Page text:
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Google ‘deceived’ users into giving up location data, state AGs allege in new suit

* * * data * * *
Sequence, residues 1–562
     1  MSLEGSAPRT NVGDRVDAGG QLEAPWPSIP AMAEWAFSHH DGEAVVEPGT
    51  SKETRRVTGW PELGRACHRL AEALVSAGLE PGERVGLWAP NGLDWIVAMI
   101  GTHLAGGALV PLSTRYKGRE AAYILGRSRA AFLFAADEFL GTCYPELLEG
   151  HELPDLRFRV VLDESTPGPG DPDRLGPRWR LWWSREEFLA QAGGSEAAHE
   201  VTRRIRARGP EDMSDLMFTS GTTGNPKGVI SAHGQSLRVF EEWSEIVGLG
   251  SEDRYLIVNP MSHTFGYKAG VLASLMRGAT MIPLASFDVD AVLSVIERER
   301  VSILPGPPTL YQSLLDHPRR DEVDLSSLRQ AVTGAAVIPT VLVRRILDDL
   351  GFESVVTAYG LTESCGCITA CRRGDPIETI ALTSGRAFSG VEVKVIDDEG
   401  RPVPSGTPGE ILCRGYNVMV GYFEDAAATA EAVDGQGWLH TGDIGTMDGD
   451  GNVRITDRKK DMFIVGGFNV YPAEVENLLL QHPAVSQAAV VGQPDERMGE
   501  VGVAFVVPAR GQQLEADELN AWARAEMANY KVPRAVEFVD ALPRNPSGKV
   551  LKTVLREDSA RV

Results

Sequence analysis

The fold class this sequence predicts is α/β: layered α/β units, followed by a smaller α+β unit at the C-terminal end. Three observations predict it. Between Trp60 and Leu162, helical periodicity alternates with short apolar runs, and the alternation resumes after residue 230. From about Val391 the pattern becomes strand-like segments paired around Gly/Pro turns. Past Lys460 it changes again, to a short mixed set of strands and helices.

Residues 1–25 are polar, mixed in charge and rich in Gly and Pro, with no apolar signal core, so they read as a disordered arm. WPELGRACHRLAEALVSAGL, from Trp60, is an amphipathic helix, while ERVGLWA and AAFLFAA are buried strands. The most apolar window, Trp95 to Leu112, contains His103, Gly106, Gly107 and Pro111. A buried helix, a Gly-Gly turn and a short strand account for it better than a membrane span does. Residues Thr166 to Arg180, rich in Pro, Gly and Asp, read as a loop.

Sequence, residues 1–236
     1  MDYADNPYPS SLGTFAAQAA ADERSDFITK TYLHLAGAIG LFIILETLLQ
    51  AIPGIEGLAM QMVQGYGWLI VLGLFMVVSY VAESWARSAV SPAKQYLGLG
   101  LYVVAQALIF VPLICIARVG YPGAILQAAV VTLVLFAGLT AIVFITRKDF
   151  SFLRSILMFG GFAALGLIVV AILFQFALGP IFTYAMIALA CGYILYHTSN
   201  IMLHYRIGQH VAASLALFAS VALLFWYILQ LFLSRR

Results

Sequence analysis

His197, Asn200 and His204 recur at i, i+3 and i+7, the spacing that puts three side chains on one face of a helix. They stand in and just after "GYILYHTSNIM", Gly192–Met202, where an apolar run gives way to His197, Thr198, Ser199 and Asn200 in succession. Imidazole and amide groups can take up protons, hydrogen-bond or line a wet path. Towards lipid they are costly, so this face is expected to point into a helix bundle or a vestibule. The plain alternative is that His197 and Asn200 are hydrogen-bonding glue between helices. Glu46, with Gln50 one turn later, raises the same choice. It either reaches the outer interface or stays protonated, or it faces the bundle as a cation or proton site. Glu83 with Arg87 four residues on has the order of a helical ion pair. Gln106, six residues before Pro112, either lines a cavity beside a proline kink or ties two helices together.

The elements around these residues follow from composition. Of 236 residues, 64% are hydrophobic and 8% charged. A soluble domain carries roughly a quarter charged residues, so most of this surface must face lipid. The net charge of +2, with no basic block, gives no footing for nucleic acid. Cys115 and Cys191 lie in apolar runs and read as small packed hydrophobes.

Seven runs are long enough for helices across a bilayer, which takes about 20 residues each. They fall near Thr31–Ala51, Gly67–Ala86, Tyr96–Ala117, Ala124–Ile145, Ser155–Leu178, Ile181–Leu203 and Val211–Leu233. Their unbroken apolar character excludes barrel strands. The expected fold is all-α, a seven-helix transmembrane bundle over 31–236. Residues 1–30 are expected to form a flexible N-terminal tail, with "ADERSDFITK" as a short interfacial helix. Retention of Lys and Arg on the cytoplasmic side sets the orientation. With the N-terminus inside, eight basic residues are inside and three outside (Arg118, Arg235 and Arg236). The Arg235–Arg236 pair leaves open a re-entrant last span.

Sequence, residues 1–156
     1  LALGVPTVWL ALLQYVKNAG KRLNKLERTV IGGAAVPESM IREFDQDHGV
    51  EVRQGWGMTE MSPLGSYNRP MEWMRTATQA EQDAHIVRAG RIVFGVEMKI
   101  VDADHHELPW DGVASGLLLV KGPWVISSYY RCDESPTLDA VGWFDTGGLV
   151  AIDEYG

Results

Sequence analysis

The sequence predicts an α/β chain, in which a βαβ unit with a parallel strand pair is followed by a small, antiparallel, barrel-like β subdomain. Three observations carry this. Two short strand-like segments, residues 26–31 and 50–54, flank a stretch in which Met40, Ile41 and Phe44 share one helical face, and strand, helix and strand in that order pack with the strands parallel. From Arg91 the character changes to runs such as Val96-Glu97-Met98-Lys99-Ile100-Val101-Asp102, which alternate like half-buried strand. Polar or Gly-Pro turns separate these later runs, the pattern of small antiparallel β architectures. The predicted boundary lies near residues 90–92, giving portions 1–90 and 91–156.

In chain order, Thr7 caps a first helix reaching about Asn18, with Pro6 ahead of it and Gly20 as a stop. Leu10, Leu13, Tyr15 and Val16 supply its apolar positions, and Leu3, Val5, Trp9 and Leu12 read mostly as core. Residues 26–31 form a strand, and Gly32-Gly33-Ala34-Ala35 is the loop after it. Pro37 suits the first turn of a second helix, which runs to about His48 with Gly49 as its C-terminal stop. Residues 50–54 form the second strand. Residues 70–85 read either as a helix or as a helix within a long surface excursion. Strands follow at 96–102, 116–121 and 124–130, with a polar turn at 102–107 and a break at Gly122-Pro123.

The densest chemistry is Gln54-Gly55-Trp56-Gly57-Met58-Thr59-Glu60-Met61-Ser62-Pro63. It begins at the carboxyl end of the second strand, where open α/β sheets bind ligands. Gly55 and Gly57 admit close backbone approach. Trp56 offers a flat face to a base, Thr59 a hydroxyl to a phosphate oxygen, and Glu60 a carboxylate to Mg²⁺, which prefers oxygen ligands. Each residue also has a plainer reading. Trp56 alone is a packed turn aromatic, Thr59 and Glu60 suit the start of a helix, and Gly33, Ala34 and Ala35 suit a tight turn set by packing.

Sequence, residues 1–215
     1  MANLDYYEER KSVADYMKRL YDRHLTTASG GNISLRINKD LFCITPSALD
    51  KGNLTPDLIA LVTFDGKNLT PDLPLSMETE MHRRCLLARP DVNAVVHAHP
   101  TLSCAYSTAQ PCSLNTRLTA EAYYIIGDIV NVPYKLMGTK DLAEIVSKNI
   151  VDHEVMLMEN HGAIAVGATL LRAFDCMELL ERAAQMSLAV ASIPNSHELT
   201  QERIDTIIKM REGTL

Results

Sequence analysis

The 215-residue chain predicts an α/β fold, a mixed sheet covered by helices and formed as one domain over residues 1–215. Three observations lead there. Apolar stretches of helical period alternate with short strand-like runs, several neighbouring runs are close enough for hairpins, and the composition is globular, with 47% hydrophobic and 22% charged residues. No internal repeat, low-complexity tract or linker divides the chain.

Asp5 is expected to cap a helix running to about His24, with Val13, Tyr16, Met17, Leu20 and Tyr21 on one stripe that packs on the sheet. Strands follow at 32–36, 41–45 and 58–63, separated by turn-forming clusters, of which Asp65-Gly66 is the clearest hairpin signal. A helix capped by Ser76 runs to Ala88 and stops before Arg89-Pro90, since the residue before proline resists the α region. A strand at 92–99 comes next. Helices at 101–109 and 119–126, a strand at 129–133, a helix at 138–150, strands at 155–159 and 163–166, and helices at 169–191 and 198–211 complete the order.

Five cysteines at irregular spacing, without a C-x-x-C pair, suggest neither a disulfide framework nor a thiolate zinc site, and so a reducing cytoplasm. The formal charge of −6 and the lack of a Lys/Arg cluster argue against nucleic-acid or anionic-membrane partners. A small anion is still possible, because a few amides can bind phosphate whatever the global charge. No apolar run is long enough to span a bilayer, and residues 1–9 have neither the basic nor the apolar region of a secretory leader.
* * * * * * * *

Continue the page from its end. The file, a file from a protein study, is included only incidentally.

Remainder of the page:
Google used “deceptive and unfair” practices to trick users into giving up valuable location data, according to a lawsuit filed Monday by attorneys general from Washington, DC and three states. The suit filed in Washington, DC civil court centers around so-called “dark patterns” — deceptive web design schemes that can trick users into making certain choices. In Google’s case, the company allegedly used dark patterns in users’ account settings to trick people into giving up detailed location data, which helped the company make money by targeting online ads more effectively. In one example, Google Maps told mobile users that they needed to agree to share their location history in order to “get the most from Google maps” — even though Google Maps could work normally without such data, according to the suit. In another case, Google repeatedly “nudged” users who had declined to share their location history with new prompts to enable the setting. “By repeatedly ‘nudging’ users to enable Google Account settings, Google increases the chances that a user will enable the setting inadvertently or out of frustration,” the attorneys general wrote. Google also gave users “misleading, ambiguous, and incomplete descriptions” of other location and privacy settings, leading some users to believe they weren’t sharing data with the company even when they were, according to the suit. “These practices harm consumers who wish to protect their sensitive location information from disclosure to Google and Google’s advertising customers, by making it difficult for consumers to deny Google access to their location information, regardless of whether that information is needed to provide services to the consumer,” the attorney generals wrote. Google did not immediately respond for a request for comment on the suit, which comes as the company is facing a barrage of regulatory battles — including a Texas-led antitrust suit over its advertising practices and a bill under consideration in the Senate that would stop the company from giving its own products a leg up in search results. The attorneys general say Google violated consumer protection laws and are seeking to fine the company, as well as bar it from continuing such practices. “Google has collected enormous amounts of location data from unwitting users and monetized that data in the service of Google’s advertising offerings without users’ knowledge or consent,” the attorneys general of Washington, D.C., Texas, Washington state and Indiana wrote in the bipartisan suit. News of the suit was first reported by The Washington Post.

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